Friendship Comes First
Sep 17, 2013 04:50PM
● By tina
Relationships with Terah Harrison
Friendship forms the foundation of any relationship, yet this absolute necessity is often the first thing to go when life starts to get overwhelming. Here’s a pretty common scenario that might feel familiar to you. It’s a normal Wednesday, and you’re driving home after a long day at work. You get a call from your partner asking you to stop by the grocery store on the way home to pick up stuff for dinner. So you go to get what’s on the list, wait in a long line to buy everything and then get back in your car only to fight the traffic on your way home. When you finally stagger through the front door with your hands full of grocery bags, you aren’t greeted with “thank you” or “I appreciate you going out of your way to get this.” Instead, you get another long list of things to do — pick up the kids from soccer practice, mow the yard, clean the dishes, pay the bills. If your life at home is similar to this, you might find yourself avoiding your spouse and looking more to your pals for friendship you aren’t getting at home.
When life gets busy, it might feel like you are living with a roommate or coworker. It seems like there just isn’t time to talk about anything else except what needs to be done. The friendship that used to be the foundation of a partnership can slip away so gradually that we don’t even notice we let it happen.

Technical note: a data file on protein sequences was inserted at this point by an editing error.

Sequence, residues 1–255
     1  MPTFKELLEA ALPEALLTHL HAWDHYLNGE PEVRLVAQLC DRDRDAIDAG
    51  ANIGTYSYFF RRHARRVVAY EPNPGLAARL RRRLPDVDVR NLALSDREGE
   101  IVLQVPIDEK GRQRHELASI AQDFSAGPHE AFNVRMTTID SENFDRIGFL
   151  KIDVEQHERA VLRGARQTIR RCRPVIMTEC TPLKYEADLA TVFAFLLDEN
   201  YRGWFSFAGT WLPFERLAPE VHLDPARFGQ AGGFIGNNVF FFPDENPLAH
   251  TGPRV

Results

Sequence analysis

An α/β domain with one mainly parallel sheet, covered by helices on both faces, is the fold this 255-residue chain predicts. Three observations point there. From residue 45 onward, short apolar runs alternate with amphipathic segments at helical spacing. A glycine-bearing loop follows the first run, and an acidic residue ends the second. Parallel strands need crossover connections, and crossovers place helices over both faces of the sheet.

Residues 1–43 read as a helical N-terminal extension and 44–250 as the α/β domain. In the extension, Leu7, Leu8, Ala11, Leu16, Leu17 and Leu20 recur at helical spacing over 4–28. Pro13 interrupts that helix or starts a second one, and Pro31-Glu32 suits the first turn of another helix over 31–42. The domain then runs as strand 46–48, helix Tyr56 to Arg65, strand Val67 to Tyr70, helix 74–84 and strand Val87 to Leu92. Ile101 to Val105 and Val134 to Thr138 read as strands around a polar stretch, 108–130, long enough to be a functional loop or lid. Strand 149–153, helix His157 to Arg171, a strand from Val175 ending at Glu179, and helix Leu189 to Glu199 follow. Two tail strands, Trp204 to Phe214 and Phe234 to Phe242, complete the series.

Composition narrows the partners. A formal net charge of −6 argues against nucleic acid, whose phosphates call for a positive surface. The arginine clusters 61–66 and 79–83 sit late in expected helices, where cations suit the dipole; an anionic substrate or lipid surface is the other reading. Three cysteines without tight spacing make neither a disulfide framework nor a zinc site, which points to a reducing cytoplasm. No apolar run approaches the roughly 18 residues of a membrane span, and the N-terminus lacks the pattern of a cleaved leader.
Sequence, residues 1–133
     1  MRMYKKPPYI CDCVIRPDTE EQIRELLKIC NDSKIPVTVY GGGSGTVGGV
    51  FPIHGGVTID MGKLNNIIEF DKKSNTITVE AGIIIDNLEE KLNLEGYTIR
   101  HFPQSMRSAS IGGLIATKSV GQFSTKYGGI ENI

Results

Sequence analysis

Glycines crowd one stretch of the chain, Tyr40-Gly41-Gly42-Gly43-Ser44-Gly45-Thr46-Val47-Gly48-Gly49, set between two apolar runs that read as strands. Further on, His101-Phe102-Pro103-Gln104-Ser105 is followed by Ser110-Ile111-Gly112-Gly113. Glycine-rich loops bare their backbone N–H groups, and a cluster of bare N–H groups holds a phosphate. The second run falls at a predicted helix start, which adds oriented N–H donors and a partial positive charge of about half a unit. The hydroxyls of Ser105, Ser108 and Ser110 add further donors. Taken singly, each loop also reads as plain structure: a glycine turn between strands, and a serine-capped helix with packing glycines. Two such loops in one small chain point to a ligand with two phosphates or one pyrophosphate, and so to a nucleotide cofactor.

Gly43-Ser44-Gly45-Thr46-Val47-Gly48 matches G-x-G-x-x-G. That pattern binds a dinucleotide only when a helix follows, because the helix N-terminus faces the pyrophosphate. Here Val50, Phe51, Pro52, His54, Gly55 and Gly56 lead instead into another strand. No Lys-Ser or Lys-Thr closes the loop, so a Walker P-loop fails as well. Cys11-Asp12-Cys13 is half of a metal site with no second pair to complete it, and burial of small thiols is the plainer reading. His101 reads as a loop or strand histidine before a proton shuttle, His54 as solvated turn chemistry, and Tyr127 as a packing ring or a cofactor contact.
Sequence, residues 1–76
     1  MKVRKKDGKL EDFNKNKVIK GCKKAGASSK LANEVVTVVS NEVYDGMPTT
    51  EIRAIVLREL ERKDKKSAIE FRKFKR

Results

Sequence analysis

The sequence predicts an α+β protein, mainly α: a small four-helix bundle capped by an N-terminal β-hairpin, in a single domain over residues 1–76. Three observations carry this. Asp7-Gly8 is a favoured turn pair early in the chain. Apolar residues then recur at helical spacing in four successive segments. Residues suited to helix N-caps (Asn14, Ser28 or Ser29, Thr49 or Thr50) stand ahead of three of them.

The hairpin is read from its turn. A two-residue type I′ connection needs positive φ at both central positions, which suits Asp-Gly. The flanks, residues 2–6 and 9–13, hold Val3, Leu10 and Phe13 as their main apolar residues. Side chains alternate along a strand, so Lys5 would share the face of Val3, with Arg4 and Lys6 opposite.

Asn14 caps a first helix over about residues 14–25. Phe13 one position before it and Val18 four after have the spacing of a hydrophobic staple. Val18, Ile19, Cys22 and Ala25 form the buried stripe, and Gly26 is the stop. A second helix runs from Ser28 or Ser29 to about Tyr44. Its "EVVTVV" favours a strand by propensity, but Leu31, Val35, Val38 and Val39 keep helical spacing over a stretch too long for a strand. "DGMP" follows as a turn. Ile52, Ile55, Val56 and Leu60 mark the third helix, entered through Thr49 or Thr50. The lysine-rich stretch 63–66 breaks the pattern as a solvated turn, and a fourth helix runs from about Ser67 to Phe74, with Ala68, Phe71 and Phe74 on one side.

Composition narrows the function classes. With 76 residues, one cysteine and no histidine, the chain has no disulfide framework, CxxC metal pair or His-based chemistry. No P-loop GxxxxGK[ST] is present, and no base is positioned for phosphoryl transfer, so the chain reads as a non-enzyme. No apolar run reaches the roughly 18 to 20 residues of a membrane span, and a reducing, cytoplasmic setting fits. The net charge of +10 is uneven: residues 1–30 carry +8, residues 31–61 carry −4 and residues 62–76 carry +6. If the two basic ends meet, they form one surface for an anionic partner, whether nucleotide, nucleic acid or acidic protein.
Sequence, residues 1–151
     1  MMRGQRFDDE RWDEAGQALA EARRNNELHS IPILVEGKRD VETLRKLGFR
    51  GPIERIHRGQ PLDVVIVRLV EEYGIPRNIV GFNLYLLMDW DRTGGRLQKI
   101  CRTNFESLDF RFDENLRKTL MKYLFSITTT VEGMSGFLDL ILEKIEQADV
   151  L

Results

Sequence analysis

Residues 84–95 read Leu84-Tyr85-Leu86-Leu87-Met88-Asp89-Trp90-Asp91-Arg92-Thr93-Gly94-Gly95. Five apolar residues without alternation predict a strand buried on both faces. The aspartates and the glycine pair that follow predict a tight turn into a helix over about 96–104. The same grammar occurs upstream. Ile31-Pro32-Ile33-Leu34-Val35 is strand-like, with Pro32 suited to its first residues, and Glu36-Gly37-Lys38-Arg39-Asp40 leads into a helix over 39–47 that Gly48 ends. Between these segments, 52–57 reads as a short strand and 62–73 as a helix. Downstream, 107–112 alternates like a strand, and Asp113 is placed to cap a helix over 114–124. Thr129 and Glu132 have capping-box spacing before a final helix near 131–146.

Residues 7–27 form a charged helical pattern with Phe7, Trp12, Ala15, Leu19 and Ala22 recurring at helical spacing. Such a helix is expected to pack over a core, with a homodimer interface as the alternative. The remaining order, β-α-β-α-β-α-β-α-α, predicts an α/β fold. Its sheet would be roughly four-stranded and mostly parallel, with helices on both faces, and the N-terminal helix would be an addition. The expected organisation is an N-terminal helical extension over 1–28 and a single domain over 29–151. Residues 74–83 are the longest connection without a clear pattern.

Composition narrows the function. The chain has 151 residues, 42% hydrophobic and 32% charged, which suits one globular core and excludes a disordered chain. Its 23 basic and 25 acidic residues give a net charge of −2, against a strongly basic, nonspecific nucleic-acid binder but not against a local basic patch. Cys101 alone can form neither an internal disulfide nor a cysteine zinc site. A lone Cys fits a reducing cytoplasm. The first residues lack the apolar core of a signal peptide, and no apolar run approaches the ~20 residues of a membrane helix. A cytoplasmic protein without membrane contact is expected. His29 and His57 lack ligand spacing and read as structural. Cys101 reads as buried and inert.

Building friendship means connecting with your spouse in both simple and complex ways. It can be as small as asking the question, “How was your day?” or as meaningful as asking about your spouse’s hopes and dreams and really listening to what they say. Often we feel as if we know the other person so well that we don’t need to ask the questions we asked while dating, such as, “What are your goals in life?” or “What are you passionate about?” But these things change as we grow — you might not know as much about your spouse as you think.
Friendship involves having positive feelings toward your partner and giving them the benefit of the doubt. Your relationship with your spouse should be a place of solace and comfort, and the only way to attain that is to make an effort to think of that person as being on your side.
Long-term relationships have a lot of old wounds that are reopened when we doubt the intentions of our partners, and we can be harder on them than anyone else in our lives. If your partner does or says something questionable, try to think of a positive reason why they might have done it, then ask them about it in a non-confrontational way: “What did you mean when you said (blank)?” Generally, we do not lash out at our friends when there is a misunderstanding or order our friends around, but we often do this with our partners. Think of how you would treat a friend in the situation, and try to do this with your spouse. Just taking five minutes when you get home to sit down and talk to each other about your lives, hopes, dreams or details of your day goes a long way.